As can be seen in figure A.4, the function is, unsurprisingly, concentrated about large spheres and small distances. Slightly clearer are the same figures, presented in figure A.5 as a graph of probability against the log of distance and sphere size.
These numbers are used in the program whenever two objects come sufficiently close to each other (usually within three movement standard deviations or less) that they might possibly collide within the next time step. The probabilities above, scaled appropriately, are referred to via a lookup table, and a randomiser is used to determine whether a collision did, in fact, occur with the indicated probability.
The use of a lookup table ensures that, although computing the figures initially took some time (on the order of five hours), the speed of the program is unimpaired, since the time for finding the appropriate collision probability in the pre-calculated table is very small, and constant.
The raw data produced by the collision simulator are presented on the next two pages. The tables give the probability of collision, tabulated against the inter-sphere distances (across the top, measured in combined standard deviations of movement ), and the combined radii of the spheres, (also measured in standard deviations of movement ). (See page A.2 for a fuller explanation of the measurements used.)
Because the figures are derived from a probabilistic simulation, there is some inaccuracy. It must be remembered that each figure represents a trial of only 100,000 tests. This can be seen especially in the smaller numbers (i.e. at greater distances, or for smaller radii).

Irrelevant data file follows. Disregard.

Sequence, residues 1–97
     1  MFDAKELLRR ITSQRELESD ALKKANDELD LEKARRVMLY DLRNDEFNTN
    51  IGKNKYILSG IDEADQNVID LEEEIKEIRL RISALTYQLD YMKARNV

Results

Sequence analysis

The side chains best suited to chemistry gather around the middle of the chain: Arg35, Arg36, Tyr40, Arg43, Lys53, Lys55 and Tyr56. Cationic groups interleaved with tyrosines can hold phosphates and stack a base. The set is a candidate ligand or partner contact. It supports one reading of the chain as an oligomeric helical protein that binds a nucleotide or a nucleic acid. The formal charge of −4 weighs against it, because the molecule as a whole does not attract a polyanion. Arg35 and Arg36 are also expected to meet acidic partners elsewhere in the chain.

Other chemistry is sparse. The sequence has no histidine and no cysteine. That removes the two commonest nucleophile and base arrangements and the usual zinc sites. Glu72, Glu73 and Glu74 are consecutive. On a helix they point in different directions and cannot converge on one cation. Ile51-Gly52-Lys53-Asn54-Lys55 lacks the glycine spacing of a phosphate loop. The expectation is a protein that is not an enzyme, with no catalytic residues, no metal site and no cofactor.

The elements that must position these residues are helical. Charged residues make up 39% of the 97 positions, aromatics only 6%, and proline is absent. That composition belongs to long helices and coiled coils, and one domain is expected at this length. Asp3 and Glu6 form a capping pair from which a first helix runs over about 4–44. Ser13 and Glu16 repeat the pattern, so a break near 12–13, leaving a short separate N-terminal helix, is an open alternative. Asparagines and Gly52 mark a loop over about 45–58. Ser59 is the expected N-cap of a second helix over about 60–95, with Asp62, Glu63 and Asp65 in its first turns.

This can also be seen in the limiting case where the point and the sphere start at zero distance. In this case, it is theoretically certain (P = 1.0) that the point, moving in a Brownian manner, will collide with the sphere. Due to the discrete nature of the simulation though, this is only approximated in the results (see the "Distance Between Spheres" column for distance = 0 overleaf) which range from 0.447 for the smallest sphere with radius 0.0125 , to 0.996 for the largest, at 100 ).
This result for the tiny sphere (0.0125 ) is not surprising, since the "step size" of the Brownian motion was only 0.01 . More accurate figures could be obtained by simply decreasing the step size; however in practice it is unlikely (and undesirable) that simulation objects will be moving, on average, 100 times their size! Conversely, the figures (for this limiting case only) are within 5% of the theoretical limit once the sphere size is within about 1/8 of the RMS movement .
Collision Probabilities 1:
This page covers inter-sphere distances from 0.1 to 1 standard deviations.
Distance Between Spheres
Collision Probabilities 2:
This page covers inter-sphere distances from 1 to 10 standard deviations. (The '1' column is repeated for clarity):
Distance Between Spheres
While an analytic solution would be desirable, in its absence the probabilities of collision of objects have been obtained by simply simulating a sphere and a randomly moving test point many thousands of times.
The results of this simulation have been incorporated into a data file which the modelling program reads when it starts running, allowing it to quickly determine the probability of collision for any pair of objects being simulated.
1. This is a well known lemma; e.g. Bhattacharyya, G.K. & Johnson, R.A, (1977) Statistical Concepts and Methods, John Wiley & Sons, pp 202